4 – A very small ceramic jug bought at Middelaldercentret in which I keep rose water during events. 5 – The other Cathrin box. It contains my rings (made by Annie Rosén and Historiska Fynd), U-pins based on several finds from both Sweden and London made by Annie Rosén, Lisa Hjelmqvist, and myself. Decorative pins for my veils together with less fancy ones for the Birgitta cap that aren’t seen.
And that was the content of my boxes! I’m still interested to see the content of your boxes, so if you would like to share it with me with the hashtag #whatsinmyboxes I would be more than happy!
This summer I won’t have time or money to go to more than perhaps one reenactment event, as I’m going to Iceland two months for my Master’s thesis in Geology (happy, lucky me!). I still plan to make some garments, and to take photos of what I’ve made, and perhaps I’ll write about them here. I hope you hang around for the future!
This post is inspired by another internet community than the reenacting community, namely the fashion and beauty community. I’ve seen posts flashing by on Instagram, or on suggested videos on Youtube, so I decided to do my own take and reenactify it on the way. I noticed that the post got very long, so I divided it into parts. Here is part one!
The original idea…
What I saw was a trend of photos and videos with the title “What’s in my bag/purse/handbag?”, where the blogger went through the content of their handbags. You could find anything from make-up, jewellery and painkillers to books and even a time-turner in one case. For me it’s a glimpse into the persons life, showing something very personal. What you bring with you everyday, what you can’t be without, is very different from person to person.
I thought I would show you what my medieval persona can’t be without. It will both be a small glimpse into my personal life (after all, it is I that choose what to bring with me), but there is also a story told about my medieval counterpart – what does she bring with her to feel satisfied in a camp like the ones we have. In this case I have chosen the boxes of my noble persona, and I might do a smaller one for my soldier’s wife persona in a later stage.
To illustrate a medieval version of a handbag, I have chosen to show you the content of my wooden boxes. They are not as portable as a handbag, but they are in my tent at all times and they contain all my important “smaller” things.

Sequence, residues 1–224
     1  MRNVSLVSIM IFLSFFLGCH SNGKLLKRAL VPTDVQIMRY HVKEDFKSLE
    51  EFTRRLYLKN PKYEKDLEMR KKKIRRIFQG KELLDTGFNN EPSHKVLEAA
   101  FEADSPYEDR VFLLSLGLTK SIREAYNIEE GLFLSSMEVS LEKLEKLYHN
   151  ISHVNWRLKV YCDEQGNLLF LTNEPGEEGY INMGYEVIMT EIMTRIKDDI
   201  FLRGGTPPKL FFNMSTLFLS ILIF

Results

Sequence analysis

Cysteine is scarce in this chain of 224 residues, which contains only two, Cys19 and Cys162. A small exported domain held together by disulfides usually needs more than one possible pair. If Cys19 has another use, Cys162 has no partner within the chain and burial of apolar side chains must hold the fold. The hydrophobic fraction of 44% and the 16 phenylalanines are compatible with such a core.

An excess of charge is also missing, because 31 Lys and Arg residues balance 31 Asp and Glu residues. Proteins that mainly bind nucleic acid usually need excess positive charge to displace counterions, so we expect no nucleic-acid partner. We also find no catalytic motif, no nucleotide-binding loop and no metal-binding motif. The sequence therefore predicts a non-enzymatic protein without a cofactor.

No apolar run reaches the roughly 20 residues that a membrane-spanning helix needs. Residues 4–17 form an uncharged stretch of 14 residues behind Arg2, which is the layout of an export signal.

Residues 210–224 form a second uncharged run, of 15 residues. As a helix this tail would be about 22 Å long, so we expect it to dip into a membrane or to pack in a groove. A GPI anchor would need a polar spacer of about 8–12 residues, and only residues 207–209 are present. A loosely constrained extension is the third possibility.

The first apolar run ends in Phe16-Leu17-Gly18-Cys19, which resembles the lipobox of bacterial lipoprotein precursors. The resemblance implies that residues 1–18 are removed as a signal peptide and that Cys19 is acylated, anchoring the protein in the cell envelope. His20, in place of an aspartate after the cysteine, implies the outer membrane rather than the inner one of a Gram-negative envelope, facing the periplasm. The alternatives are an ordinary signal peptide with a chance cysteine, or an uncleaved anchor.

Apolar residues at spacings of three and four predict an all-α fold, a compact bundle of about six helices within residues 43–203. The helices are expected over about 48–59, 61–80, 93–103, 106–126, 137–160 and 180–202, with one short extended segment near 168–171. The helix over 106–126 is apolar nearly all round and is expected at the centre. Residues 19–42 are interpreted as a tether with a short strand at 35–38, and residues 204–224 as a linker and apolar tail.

Vad har jag i mina lådor? Här kommer en kort serie inlägg om vad jag har i mina lådor när jag är ute på event och porträtterar Märta, min riddarfru. Jag blev inspirerad av skönhetscommunityn på Youtube och Instagram där jag sett en trend med bilder och filmer där olika personer visar upp vad de har i sina handväskor. Det är rätt intressant, för man får en liten inblick i personens liv och vem den är. Därför bestämde jag mig för att göra en medeltidsversion på det hela och visa er vad jag har i mina lådor.
I have got four boxes to show you. They are all made of wood, but only one is plain. Three of them are painted and contain my hair kit and and hair accessories kit, and the plain one contains my sewing kit.
The first painted box is the one to the right in the picture above. I bought it in 2015, at the reenactment of the Battle of Azincourt, but I can’t remember from who. If you know, please tell me so I can credit the craft here! The maker’s mark is a L, which you can see in the photos below.
The other two boxes are both painted by my dear friend Cathrin, who runs the blog Katafalk. Both are birthday gifts, and I’m astonished by her work and happy to own them. The smaller box’s painting is based on a marginal creature from the Maastrich Hours (The Maastricht Hours, Liège 14th century British Library, Stowe 17, fol. 197v).
The bigger box has a lot of images on the side, but they are not really based on any manuscript – they are depictions of real life happenings. They are depicting me, Cathrin, Annette and some more of my friends, based on photos from events. On the lid you can see me and Cathrine. It’s a beautiful gift, well thought trough, and as I said – I am so grateful for this gift.